Sunday, January 17, 2010

2010 Houston Marathon

Houston 2010 will be my 10th marathon since I ran my first marathon at Houston 2006 (not counting 3 Ironmans and 3 50k's), and this will be my 4th time running Houston (I ran the Houston 1/2 marathon in 2009, injured- not a great idea).  I like this race.

On Saturday I went to pick up my race packet, and as usual, it was fun to be swept up in the city's collective excitement about the race.    There were lots of good deals on running apparel, but I managed to escape without buying anything (running is pretty simple- there's only so much gear you really need).  I had toyed with the idea of getting a short "warmup" run in, but I ended up relaxing and watching football.  Not a bad thing, really.  I went out for a pasta dinner, and the restaurant was packed with people running the marathon (which resulted in a painfully long wait, but that's another story).

Sunday- RACE DAY-
Weather:  Perfect!- 45 degrees at race start, warming up to mid 50's by noon.
Woke up at 4:45 am.  I had 2 bowls of cereal before leaving the house (breakfast of champions!).  Agustina, her mother, and I picked up a friend and headed to the convention center, arriving ~5:30 am.  This year was a little different from most years for me- typically all or most of my running crew are running the marathon with me, but due to differing goal races and varying degrees of injury, I had no one to meet up with before the race.  So I headed out to the start corrals a little earlier than usual on my own.  I easily got to my spot in the corral by 6:30, and took advantage of the time to remove some gravel from my shoes (the mesh in the tops of them tends to allow tiny bits of gravel to enter the shoes when running at Memorial Park, so I often end up taking just a little bit of the trail home with me).  I found the 3:10 pace group, and lurked inconspicuously behind them.  I don't know if I've elaborated here on my goal for this race, but here it is:  I decided when I started running that I wanted to qualify for Boston before I turned 35 (when the qualifying time goes from 3:10 to 3:15), so my goal for this marathon is 3:10.  Note: my PR for the Houston marathon after 3 races is 3:31, and my overall marathon PR is 3:18 at St. George (a hilly, but net downhill course).  Considering that I struggled in running a 3:39 marathon at Chicago just a few months ago, it's a pretty aggressive goal, but it's what I've been working towards.  Anyway, I saw another triathlete from Houston Racing who was aiming for a similar time, and we hung out together until the start.  Mayors speech, inspirational prayer, national anthem, and then BANG- and we're off.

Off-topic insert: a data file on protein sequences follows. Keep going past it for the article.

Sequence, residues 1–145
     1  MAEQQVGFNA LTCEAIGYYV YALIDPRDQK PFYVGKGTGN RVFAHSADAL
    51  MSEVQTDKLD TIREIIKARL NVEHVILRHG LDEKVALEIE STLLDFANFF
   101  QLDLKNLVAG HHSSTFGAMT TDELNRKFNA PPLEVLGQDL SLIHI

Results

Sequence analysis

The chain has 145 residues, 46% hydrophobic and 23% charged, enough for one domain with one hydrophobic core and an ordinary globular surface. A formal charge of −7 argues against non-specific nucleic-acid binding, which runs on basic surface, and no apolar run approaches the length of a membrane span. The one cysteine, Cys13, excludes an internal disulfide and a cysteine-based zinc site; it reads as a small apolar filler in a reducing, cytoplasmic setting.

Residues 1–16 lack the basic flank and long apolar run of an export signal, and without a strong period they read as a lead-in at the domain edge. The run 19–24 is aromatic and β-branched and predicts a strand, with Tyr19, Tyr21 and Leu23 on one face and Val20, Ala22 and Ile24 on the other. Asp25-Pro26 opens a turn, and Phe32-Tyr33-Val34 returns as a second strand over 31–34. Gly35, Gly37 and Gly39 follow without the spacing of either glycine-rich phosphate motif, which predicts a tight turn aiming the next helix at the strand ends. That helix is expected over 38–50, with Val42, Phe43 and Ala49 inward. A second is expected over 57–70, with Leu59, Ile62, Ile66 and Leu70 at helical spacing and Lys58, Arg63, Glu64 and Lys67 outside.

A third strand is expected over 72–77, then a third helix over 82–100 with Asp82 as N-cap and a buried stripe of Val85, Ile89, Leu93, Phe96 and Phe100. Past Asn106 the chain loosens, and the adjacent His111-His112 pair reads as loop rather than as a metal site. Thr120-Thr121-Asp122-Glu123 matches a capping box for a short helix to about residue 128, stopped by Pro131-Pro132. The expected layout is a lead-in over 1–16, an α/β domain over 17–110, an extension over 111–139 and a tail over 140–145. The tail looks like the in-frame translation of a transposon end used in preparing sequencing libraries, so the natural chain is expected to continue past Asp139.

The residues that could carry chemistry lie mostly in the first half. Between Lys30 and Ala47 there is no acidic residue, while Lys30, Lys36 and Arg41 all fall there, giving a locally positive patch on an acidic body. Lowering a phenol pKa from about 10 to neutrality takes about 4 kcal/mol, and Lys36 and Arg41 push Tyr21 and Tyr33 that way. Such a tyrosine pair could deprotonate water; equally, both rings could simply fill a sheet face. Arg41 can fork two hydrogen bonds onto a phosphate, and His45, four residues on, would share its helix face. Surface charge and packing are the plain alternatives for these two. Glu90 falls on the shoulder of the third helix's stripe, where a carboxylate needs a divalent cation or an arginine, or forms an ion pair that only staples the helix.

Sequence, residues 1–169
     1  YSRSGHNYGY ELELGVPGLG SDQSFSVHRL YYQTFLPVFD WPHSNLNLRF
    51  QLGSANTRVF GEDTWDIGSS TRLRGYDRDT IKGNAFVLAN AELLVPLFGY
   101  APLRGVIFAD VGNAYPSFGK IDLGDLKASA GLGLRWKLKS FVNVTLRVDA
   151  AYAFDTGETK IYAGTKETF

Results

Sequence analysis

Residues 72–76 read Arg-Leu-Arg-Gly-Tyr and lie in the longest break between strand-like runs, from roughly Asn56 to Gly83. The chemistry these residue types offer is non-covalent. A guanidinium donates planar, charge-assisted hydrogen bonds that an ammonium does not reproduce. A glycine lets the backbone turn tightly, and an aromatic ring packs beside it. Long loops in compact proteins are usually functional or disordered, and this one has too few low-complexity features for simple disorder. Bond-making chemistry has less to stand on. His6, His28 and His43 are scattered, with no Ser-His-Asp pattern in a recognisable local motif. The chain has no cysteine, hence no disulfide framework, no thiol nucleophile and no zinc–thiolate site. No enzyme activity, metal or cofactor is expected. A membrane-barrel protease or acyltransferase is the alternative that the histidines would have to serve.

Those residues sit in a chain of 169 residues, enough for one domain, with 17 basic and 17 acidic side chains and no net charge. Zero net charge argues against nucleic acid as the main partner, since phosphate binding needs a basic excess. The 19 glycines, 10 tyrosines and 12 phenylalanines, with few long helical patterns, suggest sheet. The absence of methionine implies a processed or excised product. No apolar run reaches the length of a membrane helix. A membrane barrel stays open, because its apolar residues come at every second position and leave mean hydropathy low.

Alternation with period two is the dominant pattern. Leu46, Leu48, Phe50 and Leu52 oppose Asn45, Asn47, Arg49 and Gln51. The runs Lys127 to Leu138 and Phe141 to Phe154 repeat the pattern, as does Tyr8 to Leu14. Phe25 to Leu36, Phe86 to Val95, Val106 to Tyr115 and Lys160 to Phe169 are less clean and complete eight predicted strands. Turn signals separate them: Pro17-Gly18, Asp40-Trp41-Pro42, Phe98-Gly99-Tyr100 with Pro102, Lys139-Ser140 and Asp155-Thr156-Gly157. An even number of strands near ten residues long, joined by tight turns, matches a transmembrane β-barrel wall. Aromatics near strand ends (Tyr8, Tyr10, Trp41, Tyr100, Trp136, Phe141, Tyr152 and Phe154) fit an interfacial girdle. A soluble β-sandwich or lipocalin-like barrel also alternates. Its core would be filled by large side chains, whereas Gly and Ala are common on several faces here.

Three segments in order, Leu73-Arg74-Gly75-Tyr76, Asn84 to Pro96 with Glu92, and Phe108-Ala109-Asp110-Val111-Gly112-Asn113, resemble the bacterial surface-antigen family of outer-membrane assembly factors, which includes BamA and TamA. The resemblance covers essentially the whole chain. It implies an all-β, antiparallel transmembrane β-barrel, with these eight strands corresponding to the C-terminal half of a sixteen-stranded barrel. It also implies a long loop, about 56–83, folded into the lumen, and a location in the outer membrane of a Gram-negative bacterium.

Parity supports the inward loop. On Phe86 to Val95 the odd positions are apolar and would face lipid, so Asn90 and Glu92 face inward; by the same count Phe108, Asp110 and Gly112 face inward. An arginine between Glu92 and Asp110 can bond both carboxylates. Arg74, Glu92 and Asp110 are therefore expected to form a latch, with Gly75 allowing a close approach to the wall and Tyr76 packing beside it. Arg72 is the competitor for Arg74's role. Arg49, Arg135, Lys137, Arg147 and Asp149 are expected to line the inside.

I had decided that I wouldn't necessarily stick with the pace group, which I assumed would be running even 7:15 splits the whole race.  I wanted to run just a little faster on the early miles to build a little bit of a buffer for my inevitable deceleration late in the race.  Interestingly, they stayed right with me through 12 miles or so (they ran two ~7:00 miles early on, and ended up finishing a couple of minutes early at the finish).  At some point, I just let them go.  I was pretty convinced that if I kept running that aggressively early on, I'd regret it later, so I continued running my own race.  I kept a pretty good handle on my pace through mile 15, or so (running at or better than target pace).  Mile 15 contains an overpass (the "hill" in this race), and I had a pretty slow split for that mile, and didn't seem to really regain my stride in the subsequent miles (they're headed directly away from the finish, and are pretty mentally tough).  At this point, I was running pretty much as fast as I could, and I was only getting 7:30 miles out of my legs.  I had my watch set to give me 1/4 mile splits, so I knew every couple of minutes how I was doing, and I knew that I was starting to bleed off a little of the time buffer that I'd built up.  I did my best to hold it together, and did manage to pull my pace down between miles 15 and 18, actually getting pretty close to target pace for mile 18.  Not coincidentally, during that mile I saw my buddy Greg (who has faithfully made it out to cheer me on in every Houston Marathon I've run), and some of the folks from my running group who weren't running the race.  It sure helps to have supporters!